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Surface passivation of silicon solar cells using industrially relevant Al2O3 deposition techniques

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By Jan Schmidt, Head of the PV Department, Institute for Solar Energy Research Hamelin (ISFH); Florian Werner, Institute for Solar Energy Research Hamelin (ISFH); Boris Veith, Researcher, Institute for Solar Energy Research Hamelin (ISFH); Dimitri Zielke, Institute for Solar Energy Research Hamelin (ISFH); Robert Bock, Institute for Solar Energy Research Hamelin (ISFH); Rolf Brendel, Director, Institute for Solar Energy Research Hamelin (ISFH); Veronica Tiba, Process Development Engineer, SoLayTec; Paul Poodt, Researcher, TNO Science & Industry; Fred Roozeboom, Senior Technical Advisor, TNO Science & Industry; Andres Cuevas, Professor of Engineering, The Australian National University (ANU); Andrew Li, The Australian National University (ANU)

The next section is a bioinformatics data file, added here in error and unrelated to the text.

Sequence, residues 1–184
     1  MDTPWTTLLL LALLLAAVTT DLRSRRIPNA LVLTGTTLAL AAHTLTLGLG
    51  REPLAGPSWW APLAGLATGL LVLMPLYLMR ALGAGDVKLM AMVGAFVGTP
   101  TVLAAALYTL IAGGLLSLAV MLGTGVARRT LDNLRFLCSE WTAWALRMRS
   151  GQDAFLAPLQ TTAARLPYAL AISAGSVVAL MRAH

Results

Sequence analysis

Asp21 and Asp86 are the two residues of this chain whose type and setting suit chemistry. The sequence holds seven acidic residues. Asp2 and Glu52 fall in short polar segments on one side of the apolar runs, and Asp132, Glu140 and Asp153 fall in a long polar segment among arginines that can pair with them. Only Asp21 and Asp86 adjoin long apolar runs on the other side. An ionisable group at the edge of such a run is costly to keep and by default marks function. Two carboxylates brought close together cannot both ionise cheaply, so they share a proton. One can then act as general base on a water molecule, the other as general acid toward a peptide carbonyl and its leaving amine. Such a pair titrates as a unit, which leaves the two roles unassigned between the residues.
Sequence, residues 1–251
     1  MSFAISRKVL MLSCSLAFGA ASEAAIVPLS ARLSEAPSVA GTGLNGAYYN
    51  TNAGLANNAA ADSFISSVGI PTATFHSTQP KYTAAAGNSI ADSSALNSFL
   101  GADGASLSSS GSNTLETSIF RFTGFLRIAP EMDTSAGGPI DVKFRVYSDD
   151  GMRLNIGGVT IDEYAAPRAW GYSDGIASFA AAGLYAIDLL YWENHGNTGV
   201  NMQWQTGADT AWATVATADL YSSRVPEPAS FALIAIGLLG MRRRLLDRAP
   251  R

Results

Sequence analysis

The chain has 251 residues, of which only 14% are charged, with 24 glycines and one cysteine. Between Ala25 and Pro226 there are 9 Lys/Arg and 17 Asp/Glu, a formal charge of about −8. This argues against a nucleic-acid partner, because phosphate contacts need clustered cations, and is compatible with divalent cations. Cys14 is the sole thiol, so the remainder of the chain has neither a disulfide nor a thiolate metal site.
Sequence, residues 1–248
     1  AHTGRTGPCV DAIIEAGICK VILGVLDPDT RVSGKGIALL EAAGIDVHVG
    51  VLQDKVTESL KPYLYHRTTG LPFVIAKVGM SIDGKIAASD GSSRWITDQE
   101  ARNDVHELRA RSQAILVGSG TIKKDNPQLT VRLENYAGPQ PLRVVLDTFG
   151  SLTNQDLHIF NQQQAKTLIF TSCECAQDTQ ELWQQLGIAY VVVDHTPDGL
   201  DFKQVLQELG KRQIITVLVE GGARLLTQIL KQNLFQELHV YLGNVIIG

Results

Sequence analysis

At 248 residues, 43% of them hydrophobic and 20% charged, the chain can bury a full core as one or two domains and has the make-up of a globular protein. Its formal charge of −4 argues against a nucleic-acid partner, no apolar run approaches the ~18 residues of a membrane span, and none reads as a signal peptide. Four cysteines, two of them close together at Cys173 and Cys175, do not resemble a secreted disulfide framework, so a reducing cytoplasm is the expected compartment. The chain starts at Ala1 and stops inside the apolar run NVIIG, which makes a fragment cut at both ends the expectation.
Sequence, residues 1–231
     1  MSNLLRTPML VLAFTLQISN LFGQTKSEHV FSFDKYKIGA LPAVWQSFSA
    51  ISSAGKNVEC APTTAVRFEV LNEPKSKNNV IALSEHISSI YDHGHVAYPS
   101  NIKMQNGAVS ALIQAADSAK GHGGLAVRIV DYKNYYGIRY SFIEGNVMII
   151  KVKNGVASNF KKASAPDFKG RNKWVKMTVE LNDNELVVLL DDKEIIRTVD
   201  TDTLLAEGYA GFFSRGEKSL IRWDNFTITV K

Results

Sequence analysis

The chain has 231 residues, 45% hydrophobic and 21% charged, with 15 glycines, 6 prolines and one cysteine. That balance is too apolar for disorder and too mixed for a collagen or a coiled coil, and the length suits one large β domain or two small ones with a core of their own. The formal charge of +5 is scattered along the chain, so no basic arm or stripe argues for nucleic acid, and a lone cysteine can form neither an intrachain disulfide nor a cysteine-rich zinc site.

The next generation of industrial silicon solar cells aims at efficiencies of 20% and above. To achieve this goal using ever-thinner silicon wafers, a highly effective surface passivation of the cell, front and rear, is required. In the past, finding a suitable dielectric layer providing a high-quality rear passivation has been a major challenge. Aluminium oxide (Al2O3) grown by atomic layer deposition (ALD) has only recently turned out to be a nearly perfect candidate for such a dielectric. However, conventional ALD is limited to deposition rates well below 2nm/min, which is incompatible with industrial solar cell production. This paper assesses the passivation quality provided by three different industrially relevant techniques for the deposition of Al2O3 layers, namely high-rate spatial ALD, plasma-enhanced chemical vapour deposition (PECVD) and reactive sputtering.

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